characterization of field

Proposition 1.

Let $\mathcal{R}\neq 0$ be a commutative ring with identity  . The ring $\mathcal{R}$ (as above) is a field if and only if $\mathcal{R}$ has exactly two ideals: $(0),\mathcal{R}$.

Proof.

($\Rightarrow$) Suppose $\mathcal{R}$ is a field and let $\mathcal{A}$ be a non-zero ideal of $\mathcal{R}$. Then there exists $r\in\mathcal{A}\subseteq\mathcal{R}$ with $r\neq 0$. Since $\mathcal{R}$ is a field and $r$ is a non-zero element, there exists $s\in\mathcal{R}$ such that

 $s\cdot r=1\in\mathcal{R}$

Moreover, $\mathcal{A}$ is an ideal, $r\in\mathcal{A},s\in\mathcal{S}$, so $s\cdot r=1\in\mathcal{A}$. Hence $\mathcal{A}=\mathcal{R}$. We have proved that the only ideals of $\mathcal{R}$ are $(0)$ and $\mathcal{R}$ as desired.

($\Leftarrow$) Suppose the ring $\mathcal{R}$ has only two ideals, namely $(0),\mathcal{R}$. Let $a\in\mathcal{R}$ be a non-zero element; we would like to prove the existence of a multiplicative inverse  for $a$ in $\mathcal{R}$. Define the following set:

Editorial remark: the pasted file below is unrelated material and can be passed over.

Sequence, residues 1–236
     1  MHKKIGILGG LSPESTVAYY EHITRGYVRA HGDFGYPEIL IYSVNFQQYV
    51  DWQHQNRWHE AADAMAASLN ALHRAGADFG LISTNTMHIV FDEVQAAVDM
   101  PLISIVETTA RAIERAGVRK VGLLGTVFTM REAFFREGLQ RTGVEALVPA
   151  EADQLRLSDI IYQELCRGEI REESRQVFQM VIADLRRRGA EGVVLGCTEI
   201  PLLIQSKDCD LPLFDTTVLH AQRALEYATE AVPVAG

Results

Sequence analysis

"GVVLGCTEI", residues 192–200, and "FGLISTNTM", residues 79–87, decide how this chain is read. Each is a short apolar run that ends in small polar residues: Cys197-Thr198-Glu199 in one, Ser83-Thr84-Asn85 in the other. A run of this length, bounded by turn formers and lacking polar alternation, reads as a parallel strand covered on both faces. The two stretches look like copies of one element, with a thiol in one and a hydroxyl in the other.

$\mathcal{A}=(a)=\{r\in\mathcal{R}\mid r=s\cdot a,\text{ for some }s\in\mathcal{R}\}$

This is clearly an ideal, the ideal generated by the element $a$. Moreover, this ideal is not the zero ideal   because $a\in\mathcal{A}$ and $a$ was assumed to be non-zero. Thus, since there are only two ideals, we conclude $\mathcal{A}=\mathcal{R}$. Therefore $1\in\mathcal{A}=\mathcal{R}$ so there exists an element $s\in\mathcal{R}$ such that

 $s\cdot a=1\in\mathcal{R}$

Hence for all non-zero $a\in\mathcal{R}$, $a$ has a multiplicative inverse in $\mathcal{R}$, so $\mathcal{R}$ is, in fact, a field. ∎

Title characterization of field CharacterizationOfField 2013-03-22 13:57:03 2013-03-22 13:57:03 alozano (2414) alozano (2414) 7 alozano (2414) Theorem msc 12E99 a field only has two ideals Field Ring Ideal